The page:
How Standard Chinese became known as Mandarin thanks to the Portuguese
In an earlier post, I explained how China became known as China thanks to the Portuguese: https://www.portuguese.asia/post/how-china-became-known-as-china-thanks-to-the-portuguese
As for what the Western world calls Standard Chinese––Mandarin––I always thought this came from the term 满大人 (mǎndàrén), which roughly translates as "His Manchurian Excellency". This made sense as the Qing dynasty ruled China from 1644 until imperial rule was overthrown in the 1911 revolution, a period when China came into growing contact with Europe. Qing rule was established by the Manchurians after they invaded Ming China from what is today northeast China, formerly referred to as Manchuria.
To my surprise, I just learned that this is apocryphal. The term Mandarin has been used by Europeans to refer to Chinese bureaucrats, chosen through the imperial examination for scholars, since the Ming dynasty. And the first Europeans to reach China in the modern era, during the Ming dynasty, were... the Portuguese.
After conquering Malacca in 1511, the Portuguese king Manuel I sent an embassy to the Chinese Emperor Zhengde (正德) in 1516. Led by Lisbon-born apothecary Tomé Pires, the embassy did not manage to be granted an imperial audience in part because Malacca was considered a Chinese protectorate, and the deposed Sultan of Malacca had promptly complained to the Chinese emperor. Certain members of Tomé Pires's delegation ended up being prisoners, and it was in the letters they sent that the use of the word mandarin (as it was spelled in Old Portuguese) was first recorded to refer to Chinese officials.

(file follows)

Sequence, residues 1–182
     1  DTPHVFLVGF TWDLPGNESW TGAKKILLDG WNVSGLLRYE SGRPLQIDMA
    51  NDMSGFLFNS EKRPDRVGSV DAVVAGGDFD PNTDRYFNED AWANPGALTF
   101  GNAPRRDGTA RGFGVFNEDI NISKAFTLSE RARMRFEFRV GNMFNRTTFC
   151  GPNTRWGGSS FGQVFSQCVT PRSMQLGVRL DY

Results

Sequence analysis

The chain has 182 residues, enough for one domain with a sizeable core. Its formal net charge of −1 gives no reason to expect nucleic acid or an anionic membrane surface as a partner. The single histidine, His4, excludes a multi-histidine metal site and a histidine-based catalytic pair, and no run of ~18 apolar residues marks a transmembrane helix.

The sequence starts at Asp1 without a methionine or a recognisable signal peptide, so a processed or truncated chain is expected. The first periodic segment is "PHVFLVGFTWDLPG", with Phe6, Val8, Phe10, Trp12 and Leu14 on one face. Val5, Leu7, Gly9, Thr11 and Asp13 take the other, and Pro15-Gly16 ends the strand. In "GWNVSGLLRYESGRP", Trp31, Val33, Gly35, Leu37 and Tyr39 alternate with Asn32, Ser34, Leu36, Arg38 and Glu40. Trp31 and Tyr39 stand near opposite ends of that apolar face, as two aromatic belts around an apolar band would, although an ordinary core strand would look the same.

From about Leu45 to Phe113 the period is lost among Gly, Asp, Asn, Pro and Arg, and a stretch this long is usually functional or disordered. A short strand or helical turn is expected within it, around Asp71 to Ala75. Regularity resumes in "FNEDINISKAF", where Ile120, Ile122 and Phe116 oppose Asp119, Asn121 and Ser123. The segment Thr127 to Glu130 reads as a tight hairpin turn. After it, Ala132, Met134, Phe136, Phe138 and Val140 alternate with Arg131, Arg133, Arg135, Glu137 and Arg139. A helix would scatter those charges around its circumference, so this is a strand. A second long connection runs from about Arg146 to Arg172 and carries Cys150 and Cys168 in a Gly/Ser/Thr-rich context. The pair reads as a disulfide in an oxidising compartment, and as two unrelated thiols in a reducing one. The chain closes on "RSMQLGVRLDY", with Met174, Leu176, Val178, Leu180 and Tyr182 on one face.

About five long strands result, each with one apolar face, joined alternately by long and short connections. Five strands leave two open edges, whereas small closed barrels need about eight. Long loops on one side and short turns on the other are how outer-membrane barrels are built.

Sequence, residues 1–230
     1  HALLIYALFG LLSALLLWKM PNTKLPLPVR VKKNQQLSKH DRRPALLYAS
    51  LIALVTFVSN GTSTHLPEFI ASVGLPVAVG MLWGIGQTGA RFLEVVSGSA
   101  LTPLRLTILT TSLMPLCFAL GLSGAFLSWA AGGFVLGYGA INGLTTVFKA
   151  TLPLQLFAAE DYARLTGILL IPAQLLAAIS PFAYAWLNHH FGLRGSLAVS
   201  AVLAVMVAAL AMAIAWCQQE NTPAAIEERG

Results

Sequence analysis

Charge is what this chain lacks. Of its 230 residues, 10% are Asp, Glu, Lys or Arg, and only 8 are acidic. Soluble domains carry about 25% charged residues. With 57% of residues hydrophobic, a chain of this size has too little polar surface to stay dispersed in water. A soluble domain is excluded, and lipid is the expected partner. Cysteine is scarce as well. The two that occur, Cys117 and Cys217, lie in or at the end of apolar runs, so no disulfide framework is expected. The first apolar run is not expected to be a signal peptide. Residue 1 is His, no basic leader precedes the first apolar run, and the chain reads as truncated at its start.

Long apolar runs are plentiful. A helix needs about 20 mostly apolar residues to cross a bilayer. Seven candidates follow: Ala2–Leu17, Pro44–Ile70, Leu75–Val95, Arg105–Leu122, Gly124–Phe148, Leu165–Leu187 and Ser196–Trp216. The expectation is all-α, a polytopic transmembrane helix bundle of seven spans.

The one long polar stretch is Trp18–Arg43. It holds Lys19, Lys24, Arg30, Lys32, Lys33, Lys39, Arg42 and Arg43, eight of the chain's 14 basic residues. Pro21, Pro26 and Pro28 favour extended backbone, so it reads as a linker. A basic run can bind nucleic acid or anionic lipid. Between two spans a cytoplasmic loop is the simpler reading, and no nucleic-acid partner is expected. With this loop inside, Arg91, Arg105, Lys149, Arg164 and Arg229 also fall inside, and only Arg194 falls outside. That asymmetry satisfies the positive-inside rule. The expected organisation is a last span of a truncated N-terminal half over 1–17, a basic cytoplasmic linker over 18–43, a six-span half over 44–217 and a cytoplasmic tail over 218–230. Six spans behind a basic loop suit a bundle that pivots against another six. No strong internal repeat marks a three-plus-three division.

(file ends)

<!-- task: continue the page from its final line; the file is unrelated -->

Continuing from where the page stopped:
Now where did this word come from? There are some who think that it is derived from the Portuguese mandador ("one who commands") and mandar ("to command"). However, the general consensus is that the Portuguese were using a variation of the Malay word for government minister, menteri, which they picked up in Malacca. This came originally from the Sanskrit word mantri ("person who thinks and says") and versions of this word are still used to mean minister not only in India and Bangladesh, but also in Thailand, Cambodia, Malaysia and Indonesia.
Now what do the Chinese themselves call the standard version of their language in Chinese? Confusingly, this depends on geography. In mainland China, it's 普通话 (pǔtōnghuà) meaning common or plain speech, while in Taiwan it's 國語 (guóyǔ) or national language. In Singapore and Malaysia where the national language is Malay, the term used is 华语 (huáyǔ), which uses the word 华 to refer to Chinese cultural ancestry.
In English and most European languages, it's Mandarin Chinese, thanks to the Portuguese!